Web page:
Samples of different pharmaceutical probiotics were obtained from local market. The brand names and respective pharmaceutical companies of probiotic products were Probio (Square Pharmaceuticals Ltd.); Prolacto (Drug International Limited); Protik Vitality (Kemiko Pharmaceuticals Ltd.) Bangladesh; Preotik (Meridian Medicare Ltd. India) and TS6 (Tensall Bio-Tech Co. Ltd. Taiwan) and the samples were designated as S1 to S5 (Table 1). For rejuvenation, recovery and enumeration of viable probiotic bacteria, the plate counts and spectroscopic assay (OD690nm) were performed as described previously [15]. Briefly, approximately 1 g of powder of individual pharmaceutical product (capsule or sachet) was mixed homogeneously with sterile phosphate buffered saline (9 mL PBS, pH 7.0) and kept in an incubator for 1 h at 25 °C. Then, the specimens were diluted in 10-times serially with PBS and 100 μL of each diluted sample was then mixed well with deMan Rogosa and Sharpe (MRS) agar (Difco, USA) and incubated under anaerobic conditions at 25 °C and 37 °C temperatures as well as pHs (4.5 and 6.5) under anaerobic and aerobic conditions for 24–48 h. After 48 h of incubation, 3–4 colonies were taken up and shifted to MRS broth and incubated for 24 h. The pure cultures of colonies were streaked on MRS agar plates and incubated for further 24 h at 37 °C. Individual strains were relocated to 2 mL MRS broth and purified by repeatedly plating on MRS agar. Then, the entire strains were examined the morphology with microscope and pure cultures were preferred for additional studies. The final concentrations of overnight cultured colonies were made in uniformity values as 1.0 × 109 CFU/mL by spectroscopy (OD690nm) prior to antibiotic sensitivity tests using several antibiotic discs. Four LAB including Lactobacillus acidophilus (LAB1), L. bulgaricus (LAB2), Lactococcus lactis (LAB3) and Bifidobacterium bifidum (LAB4) were identified according to the methods described earlier [16]. The purified bacterial strains were kept at -20 °C in MRS broth with an additive, 20 % (v/v) glycerol for future studies.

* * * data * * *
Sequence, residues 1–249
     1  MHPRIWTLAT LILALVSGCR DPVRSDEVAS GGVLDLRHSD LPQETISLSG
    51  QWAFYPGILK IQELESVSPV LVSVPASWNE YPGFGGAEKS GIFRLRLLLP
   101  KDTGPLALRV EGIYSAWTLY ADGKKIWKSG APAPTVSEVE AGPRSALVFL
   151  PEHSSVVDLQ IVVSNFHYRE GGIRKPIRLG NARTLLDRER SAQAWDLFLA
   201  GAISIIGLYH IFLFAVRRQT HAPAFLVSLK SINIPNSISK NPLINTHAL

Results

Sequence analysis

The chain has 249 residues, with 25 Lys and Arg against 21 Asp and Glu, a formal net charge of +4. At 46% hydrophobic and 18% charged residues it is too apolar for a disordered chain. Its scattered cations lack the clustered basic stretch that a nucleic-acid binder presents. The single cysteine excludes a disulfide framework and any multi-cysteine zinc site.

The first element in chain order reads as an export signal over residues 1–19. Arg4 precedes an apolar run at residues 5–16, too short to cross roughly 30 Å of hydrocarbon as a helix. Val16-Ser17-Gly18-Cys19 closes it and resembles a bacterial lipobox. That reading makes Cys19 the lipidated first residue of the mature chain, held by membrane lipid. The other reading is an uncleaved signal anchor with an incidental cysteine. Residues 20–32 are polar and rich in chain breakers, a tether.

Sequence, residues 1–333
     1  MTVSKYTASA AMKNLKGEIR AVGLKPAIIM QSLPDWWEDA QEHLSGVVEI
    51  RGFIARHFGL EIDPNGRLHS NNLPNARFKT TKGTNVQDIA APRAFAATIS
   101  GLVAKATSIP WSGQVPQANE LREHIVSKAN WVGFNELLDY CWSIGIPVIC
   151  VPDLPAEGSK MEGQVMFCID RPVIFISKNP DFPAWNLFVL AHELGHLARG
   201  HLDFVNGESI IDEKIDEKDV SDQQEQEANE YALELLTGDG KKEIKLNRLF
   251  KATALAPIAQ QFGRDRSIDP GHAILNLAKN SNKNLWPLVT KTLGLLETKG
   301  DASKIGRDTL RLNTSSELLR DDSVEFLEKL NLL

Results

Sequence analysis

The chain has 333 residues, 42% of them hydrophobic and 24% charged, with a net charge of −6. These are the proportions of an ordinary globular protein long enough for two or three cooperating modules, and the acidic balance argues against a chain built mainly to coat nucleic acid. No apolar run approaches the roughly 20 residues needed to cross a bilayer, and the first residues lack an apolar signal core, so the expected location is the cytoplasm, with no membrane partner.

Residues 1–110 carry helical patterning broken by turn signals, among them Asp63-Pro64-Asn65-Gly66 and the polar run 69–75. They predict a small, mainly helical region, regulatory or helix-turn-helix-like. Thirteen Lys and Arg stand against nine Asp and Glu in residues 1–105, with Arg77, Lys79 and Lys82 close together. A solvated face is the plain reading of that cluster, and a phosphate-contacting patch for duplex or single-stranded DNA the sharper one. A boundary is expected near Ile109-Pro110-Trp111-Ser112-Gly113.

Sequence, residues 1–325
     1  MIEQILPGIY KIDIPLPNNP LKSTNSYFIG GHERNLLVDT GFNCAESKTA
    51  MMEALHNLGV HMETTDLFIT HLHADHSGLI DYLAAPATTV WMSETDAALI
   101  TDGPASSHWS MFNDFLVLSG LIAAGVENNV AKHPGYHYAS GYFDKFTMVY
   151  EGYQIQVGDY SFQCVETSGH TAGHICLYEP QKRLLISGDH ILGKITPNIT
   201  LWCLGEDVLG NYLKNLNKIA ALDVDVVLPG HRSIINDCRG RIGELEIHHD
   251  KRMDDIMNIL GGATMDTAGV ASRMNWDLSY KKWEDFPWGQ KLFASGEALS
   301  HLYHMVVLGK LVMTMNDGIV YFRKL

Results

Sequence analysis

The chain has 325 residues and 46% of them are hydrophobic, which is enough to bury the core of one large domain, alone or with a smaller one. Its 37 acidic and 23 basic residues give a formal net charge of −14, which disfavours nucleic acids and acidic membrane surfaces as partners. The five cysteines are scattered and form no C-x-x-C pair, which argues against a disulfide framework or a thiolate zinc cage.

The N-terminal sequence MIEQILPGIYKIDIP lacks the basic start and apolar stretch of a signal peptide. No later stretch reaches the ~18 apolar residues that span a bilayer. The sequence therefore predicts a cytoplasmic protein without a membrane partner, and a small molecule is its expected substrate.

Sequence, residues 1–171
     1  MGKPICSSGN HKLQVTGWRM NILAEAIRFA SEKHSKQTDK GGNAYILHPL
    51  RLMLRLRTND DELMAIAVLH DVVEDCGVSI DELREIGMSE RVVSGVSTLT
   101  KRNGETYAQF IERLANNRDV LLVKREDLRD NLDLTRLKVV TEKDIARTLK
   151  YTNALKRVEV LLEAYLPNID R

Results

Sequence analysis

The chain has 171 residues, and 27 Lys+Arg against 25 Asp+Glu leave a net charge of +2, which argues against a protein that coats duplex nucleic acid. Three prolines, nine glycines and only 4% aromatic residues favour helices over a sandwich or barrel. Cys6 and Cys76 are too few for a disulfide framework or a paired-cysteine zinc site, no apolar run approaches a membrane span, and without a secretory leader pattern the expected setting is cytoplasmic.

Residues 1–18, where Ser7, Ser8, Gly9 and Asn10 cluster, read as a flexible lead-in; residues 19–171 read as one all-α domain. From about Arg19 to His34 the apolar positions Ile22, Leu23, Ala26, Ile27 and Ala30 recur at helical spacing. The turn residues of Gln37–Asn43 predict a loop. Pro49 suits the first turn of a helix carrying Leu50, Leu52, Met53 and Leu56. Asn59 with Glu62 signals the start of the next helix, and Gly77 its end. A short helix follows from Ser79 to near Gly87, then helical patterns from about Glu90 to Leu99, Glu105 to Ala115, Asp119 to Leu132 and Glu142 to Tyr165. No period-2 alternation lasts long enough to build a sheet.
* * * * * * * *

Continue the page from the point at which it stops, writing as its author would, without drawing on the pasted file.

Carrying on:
Table 1 Common lactic acid bacteria in probiotic products available in Bangladesh